Tuesday, March 10, 2020

Exploring Archaeobotany in Ancient Near East

February Speaker Melissa Rosenzweig Attracts and Engages Audience
~ report by Anne Wilson-Dooley ~

Dr. Melissa Rosenzweig, Visiting Assistant Professor of Anthropology at Northwestern University, led us through a wide-ranging discussion of her use of archaeobotany to understand the expansion of the Assyrian Empire during the Neo-Assyrian period (Iron age, 911-609 BCE). Her excavations at Tel Akko in the Israel city of Acre and Turkey’s Ziyaret Tepe illustrated her lecture.

Archaeobotany is the study of human (and animal) interactions with plants in the past. It uses several methods to recover macro- and micro-plant remains from archaeological sites and their surrounding environments.  As important as the actual recovery of plant materials is deeply thinking about the processes that lead to certain materials being present–and absent–from archaeological contexts and environments.

Charring, drying, or waterlogging are often necessary for the preservation of plant parts. It is the recovery of many micro-plant materials–small seeds, pollens, and silica skeletons of plant cells–that substantially fill out our understanding of past cultures and reconstruction of their past environments. To illustrate her site findings, Dr. Rosenzweig brought small vials with examples of charred plant remains for our inspection.

Typical excavation, flotation, and chemical processes are used for recovery. Identification of materials to at least a genus level is sought, although species level is more beneficial when it can be achieved, and can enable reconstruction of the environment of their location. The reconstructions can also lead to what materials have been found that would not be expected to occur in the general location, hence procured or received from elsewhere and/or gathered, hunted, or obtained agricultural products. Recovering DNA from archaeological plant remains is of interest but not really available yet. 

Dr. Rosenzweig involved the audience several times, inviting questions. She asked us to think about all the aspects of plant material used for eating and production of clothing, furnishing, caring for our animals. She passed out apples and asked how many seeds were likely to remain after charring. Evidence from remains of what we typically eat or utilize tell something about our culture.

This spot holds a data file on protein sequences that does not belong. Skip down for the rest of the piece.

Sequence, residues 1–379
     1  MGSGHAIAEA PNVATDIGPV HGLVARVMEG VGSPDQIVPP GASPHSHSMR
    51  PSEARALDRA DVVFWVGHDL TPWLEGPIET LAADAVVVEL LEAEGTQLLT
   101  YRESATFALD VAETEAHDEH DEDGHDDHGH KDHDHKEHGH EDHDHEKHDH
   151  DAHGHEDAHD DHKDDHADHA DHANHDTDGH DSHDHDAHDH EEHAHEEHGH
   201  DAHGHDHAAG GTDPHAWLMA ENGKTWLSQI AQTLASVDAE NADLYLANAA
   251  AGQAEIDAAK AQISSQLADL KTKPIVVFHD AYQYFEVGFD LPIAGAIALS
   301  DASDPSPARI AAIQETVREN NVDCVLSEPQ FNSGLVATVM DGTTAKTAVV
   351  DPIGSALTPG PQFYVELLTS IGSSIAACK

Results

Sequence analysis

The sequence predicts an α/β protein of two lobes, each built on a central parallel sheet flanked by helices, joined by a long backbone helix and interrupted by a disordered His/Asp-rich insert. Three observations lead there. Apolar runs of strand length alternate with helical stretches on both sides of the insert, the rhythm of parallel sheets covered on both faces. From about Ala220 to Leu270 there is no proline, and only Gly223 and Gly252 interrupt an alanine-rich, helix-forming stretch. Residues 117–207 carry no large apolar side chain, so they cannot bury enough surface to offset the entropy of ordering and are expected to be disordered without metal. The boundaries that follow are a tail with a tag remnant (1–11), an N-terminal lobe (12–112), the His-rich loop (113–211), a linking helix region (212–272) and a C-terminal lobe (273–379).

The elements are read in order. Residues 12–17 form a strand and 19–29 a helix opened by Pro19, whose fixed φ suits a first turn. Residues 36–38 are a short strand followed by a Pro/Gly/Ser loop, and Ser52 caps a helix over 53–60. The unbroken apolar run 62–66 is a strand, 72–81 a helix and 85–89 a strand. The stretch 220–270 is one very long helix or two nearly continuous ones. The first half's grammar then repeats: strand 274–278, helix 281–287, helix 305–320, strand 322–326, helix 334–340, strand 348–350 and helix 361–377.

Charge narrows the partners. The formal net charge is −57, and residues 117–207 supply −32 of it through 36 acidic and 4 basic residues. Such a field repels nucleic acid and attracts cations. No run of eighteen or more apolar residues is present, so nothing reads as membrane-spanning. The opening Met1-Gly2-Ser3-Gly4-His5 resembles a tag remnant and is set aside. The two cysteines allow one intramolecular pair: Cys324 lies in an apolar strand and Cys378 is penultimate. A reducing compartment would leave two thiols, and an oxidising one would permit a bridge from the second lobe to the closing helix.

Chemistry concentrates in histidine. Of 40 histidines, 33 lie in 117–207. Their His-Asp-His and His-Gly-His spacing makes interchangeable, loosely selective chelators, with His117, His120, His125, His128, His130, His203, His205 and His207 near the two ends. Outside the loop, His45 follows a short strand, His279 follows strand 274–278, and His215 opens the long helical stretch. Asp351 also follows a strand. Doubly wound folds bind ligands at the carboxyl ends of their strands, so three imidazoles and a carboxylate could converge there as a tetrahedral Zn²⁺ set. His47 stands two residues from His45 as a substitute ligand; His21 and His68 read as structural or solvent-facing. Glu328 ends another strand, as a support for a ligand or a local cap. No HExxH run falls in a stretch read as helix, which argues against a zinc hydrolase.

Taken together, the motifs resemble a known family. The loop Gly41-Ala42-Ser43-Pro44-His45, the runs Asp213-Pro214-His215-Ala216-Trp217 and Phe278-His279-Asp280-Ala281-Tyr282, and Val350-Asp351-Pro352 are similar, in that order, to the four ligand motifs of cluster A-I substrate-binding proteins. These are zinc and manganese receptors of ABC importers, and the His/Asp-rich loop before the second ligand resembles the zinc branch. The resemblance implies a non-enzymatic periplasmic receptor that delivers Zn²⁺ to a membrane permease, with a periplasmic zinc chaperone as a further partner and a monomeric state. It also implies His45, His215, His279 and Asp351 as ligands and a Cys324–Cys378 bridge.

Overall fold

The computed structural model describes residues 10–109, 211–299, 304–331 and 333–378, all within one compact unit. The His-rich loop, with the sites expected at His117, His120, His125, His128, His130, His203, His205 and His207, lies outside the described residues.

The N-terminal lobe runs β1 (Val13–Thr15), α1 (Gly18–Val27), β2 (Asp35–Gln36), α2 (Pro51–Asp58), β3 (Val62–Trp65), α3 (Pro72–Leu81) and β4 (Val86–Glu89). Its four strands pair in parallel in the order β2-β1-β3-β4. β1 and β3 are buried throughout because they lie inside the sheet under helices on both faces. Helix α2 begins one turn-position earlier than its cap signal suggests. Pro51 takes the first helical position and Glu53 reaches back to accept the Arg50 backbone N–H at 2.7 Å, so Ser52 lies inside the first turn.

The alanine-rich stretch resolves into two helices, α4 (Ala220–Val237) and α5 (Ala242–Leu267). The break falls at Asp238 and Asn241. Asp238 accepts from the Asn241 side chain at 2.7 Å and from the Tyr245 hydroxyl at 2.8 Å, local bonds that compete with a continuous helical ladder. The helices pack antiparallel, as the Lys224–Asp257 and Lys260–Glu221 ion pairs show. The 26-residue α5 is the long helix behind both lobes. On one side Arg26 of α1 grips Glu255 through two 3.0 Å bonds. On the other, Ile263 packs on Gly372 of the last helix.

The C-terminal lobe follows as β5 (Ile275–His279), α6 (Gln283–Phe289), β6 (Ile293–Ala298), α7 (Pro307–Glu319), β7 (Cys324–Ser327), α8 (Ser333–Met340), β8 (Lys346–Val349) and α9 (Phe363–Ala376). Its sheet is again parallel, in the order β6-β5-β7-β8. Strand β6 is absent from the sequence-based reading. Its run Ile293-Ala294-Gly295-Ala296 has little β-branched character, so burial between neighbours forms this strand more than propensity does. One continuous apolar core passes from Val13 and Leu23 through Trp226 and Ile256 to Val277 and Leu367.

She addressed the concept of terra nullius, which involves cultural biased assumptions on appropriate use of lands and is often a part of colonization justification. Neo-Assyrian expansion included “agricultural and resettlement programs intended to bring subjects under control.” To use a familiar example, European expansion across North America considered ownership and cultivation of land appropriate as opposed to the Native American populations thinking of unfenced lands as communal for gathering, growing, and hunting.

Extensive soil samples from the site of Ziyaret Tepe located on the southeastern border of present-day Turkey were put through the various levels of screening, flotation, and chemical treatment to extract botanical remains. (In Assyrian times it was located in the hinterland of Assyrian Empire and was
then fully incorporated into the Neo-Assyrian Empire.) Based on her analyses, the occupants of the site were a fully agrarian community, producing domesticated crops prior to the Neo-Assyrian assimilation; their surrounding area was substantially utilized so did not fit a general definition of terra nullius. But by the Neo-Assyrian ideology the area was certainly under-utilized. 

“King-as-cultivator was a popular Assyrian trope, and Assyrian rulers used programs of agrarian investment [irrigation, intensification of cultivation, moving peoples into areas] to explain and legitimize their forays into surrounding territories as proactive measures against famine.”

The presentation was very well received and numerous questions were asked extending us beyond
our expected end time.

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